Journal Mobile Options
Table of Contents
Vol. 25, No. 1, 2005
Issue release date: June 2005
Neuroepidemiology 2005;25:8–14

Early Life Socioeconomic Status and Late Life Risk of Alzheimer’s Disease

Wilson R.S. · Scherr P.A. · Hoganson G. · Bienias J.L. · Evans D.A. · Bennett D.A.
aRush Alzheimer’s Disease Center, bRush Institute for Healthy Aging, Departments of cNeurological Sciences, dPsychology and eInternal Medicine, Rush University Medical Center, Chicago, Ill., and fthe National Center for Chronic Disease Prevention and Health Promotion, Centers for Disease Control and Prevention, Atlanta, Ga., USA

Individual Users: Register with Karger Login Information

Please create your User ID & Password

Contact Information

I have read the Karger Terms and Conditions and agree.

To view the fulltext, please log in

To view the pdf, please log in


The authors examined the relation of early life socioeconomic status to incident Alzheimer’s disease (AD), level of cognition and rate of cognitive decline in old age. For up to 10 years, 859 older Catholic clergy members without dementia at baseline completed annual clinical evaluations as part of the Religious Orders Study. The evaluations included clinical classification of AD and detailed cognitive testing. At baseline, indicators of early life household socioeconomic level (e.g., parental education) and the county of birth were ascertained. Socioeconomic features of the birth county (e.g., literacy rate) were estimated with data from the 1920 US Census. Composite measures of early life household and community socioeconomic level were developed. In analyses that controlled for age, sex and education, higher household and community socioeconomic levels in early life were associated with higher level of cognition in late life but not with risk of AD or rate of cognitive decline. The results suggest that early life socioeconomic level is related to level of cognition in late life but not to rate of cognitive decline or risk of AD.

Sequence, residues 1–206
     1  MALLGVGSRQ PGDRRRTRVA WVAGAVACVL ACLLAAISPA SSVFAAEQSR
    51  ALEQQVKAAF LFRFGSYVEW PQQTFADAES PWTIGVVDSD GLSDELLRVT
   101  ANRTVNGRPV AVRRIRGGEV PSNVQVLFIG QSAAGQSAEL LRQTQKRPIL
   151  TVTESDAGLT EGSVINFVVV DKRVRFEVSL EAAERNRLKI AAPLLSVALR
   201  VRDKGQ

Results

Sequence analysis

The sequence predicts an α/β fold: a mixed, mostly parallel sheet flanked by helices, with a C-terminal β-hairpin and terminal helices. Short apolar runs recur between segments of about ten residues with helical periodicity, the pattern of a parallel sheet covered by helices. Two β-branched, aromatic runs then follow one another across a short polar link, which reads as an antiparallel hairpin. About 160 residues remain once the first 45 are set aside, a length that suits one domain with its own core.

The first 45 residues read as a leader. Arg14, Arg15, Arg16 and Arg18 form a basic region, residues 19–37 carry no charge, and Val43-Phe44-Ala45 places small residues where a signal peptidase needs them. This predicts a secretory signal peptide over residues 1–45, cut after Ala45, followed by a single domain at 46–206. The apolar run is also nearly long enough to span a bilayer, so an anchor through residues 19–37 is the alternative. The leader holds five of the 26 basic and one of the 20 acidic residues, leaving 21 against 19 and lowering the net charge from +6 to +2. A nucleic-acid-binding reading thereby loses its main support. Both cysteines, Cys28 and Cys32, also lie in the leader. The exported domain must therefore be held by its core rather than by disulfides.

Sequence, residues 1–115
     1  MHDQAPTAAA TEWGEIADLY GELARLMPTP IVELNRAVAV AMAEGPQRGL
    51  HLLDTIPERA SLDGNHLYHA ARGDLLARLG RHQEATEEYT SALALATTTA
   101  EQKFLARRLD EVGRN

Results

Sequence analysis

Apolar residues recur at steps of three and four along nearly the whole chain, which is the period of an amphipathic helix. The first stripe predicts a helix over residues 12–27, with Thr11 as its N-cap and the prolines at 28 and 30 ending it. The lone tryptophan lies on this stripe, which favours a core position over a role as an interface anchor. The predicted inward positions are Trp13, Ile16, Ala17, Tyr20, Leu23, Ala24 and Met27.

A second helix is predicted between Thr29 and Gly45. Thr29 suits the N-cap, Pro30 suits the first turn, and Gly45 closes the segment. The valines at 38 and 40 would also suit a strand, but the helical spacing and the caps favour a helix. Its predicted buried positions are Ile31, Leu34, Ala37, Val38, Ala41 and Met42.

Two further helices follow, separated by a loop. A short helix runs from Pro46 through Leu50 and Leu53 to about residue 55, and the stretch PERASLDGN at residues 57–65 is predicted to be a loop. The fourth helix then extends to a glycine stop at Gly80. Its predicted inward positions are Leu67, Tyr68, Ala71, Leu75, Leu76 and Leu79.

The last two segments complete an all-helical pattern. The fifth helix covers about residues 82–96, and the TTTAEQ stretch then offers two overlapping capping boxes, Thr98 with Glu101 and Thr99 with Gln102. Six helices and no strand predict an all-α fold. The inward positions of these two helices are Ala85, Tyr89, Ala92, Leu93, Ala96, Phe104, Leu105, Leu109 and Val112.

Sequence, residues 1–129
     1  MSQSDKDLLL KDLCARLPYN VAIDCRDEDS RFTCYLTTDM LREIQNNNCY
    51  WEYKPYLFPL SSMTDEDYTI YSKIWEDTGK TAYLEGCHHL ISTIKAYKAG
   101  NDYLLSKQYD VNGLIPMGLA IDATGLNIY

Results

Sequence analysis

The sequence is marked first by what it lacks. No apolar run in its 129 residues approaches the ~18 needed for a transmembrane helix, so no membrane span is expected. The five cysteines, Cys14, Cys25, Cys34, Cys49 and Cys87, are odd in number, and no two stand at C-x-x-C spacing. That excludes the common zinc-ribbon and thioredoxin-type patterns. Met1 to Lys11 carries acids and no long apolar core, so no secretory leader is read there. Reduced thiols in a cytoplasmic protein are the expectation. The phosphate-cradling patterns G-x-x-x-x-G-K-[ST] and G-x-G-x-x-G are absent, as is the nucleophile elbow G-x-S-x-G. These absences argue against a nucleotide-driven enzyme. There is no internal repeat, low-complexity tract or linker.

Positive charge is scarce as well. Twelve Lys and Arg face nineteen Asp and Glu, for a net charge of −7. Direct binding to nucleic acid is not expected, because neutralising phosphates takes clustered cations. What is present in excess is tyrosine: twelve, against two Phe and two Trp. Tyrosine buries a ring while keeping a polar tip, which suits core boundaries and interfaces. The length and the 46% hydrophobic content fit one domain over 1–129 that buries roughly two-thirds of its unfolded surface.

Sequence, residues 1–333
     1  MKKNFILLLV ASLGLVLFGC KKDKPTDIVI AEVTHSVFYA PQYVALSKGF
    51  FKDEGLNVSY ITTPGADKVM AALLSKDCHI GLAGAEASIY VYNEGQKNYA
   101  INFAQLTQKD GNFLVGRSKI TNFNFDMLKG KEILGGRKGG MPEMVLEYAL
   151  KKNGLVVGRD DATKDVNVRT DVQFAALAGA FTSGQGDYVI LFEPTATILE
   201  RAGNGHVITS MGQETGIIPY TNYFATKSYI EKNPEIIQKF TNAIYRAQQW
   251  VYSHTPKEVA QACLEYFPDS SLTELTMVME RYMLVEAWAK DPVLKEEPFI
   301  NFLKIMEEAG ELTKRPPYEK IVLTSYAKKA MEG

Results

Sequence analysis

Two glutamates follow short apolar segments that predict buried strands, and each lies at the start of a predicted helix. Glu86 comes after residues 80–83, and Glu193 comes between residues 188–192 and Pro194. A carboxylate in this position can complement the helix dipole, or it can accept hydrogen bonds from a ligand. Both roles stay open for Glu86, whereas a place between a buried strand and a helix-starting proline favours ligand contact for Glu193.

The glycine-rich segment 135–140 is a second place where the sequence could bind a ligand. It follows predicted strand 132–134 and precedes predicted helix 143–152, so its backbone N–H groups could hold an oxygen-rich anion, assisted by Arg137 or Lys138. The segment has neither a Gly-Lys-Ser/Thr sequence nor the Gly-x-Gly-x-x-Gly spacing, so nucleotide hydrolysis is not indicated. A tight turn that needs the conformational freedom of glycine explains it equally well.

Copyright / Drug Dosage

Copyright: All rights reserved. No part of this publication may be translated into other languages, reproduced or utilized in any form or by any means, electronic or mechanical, including photocopying, recording, microcopying, or by any information storage and retrieval system, without permission in writing from the publisher or, in the case of photocopying, direct payment of a specified fee to the Copyright Clearance Center.
Drug Dosage: The authors and the publisher have exerted every effort to ensure that drug selection and dosage set forth in this text are in accord with current recommendations and practice at the time of publication. However, in view of ongoing research, changes in goverment regulations, and the constant flow of information relating to drug therapy and drug reactions, the reader is urged to check the package insert for each drug for any changes in indications and dosage and for added warnings and precautions. This is particularly important when the recommended agent is a new and/or infrequently employed drug.
Disclaimer: The statements, opinions and data contained in this publication are solely those of the individual authors and contributors and not of the publishers and the editor(s). The appearance of advertisements or/and product references in the publication is not a warranty, endorsement, or approval of the products or services advertised or of their effectiveness, quality or safety. The publisher and the editor(s) disclaim responsibility for any injury to persons or property resulting from any ideas, methods, instructions or products referred to in the content or advertisements.


  1. Stern Y, Gurland B, Tatemichi TK, et al: Influence of education and occupation on the incidence of Alzheimer’s disease. JAMA 1994;271:1004–1010.
  2. Evans DA, Hebert LE, Beckett LA, et al: Education and other measures of socioeconomic status and risk of incident Alzheimer’s disease in a defined population of older persons. Arch Neurol 1997;54:1399–1405.
  3. Letennuer L, Gilleron V, Commenges D, et al: Are sex and educational level independent predictors of dementia and Alzheimers disease? Incidence data from the PAQUID project. J Neurol Neurosurg Psychiatry 1999;66:177–183.
  4. Wilson RS, Bennett DA, Bienias JL, et al: Cognitive activity and incident AD in a population-based sample of older persons. Neurology 2002;59:1910–1914.
  5. Lindsay J, Laurin D, Verreault R, et al: Risk factors for Alzheimer’s disease: A prospective analysis from the Canadian Study of Health and Aging. Am J Epidemiol 2002;156:445–453.
  6. Qui C, Backman L, Winblad B, et al: The influence of education on clinically diagnosed dementia incidence and mortality data from the Kungsholmen Project. Arch Neurol 2001;58:2034–2039.
  7. Hall KS, Gao S, Unverzagt FW, et al: Low education and childhood rural residence: Risk for Alzheimer’s disease in African Americans. Neurology 2000;54:95–99.
  8. Moceri VM, Kukull WA, Emanual I, et al: Early-life risk factors and the development of Alzheimer’s disease. Neurology 2000;54:415–420.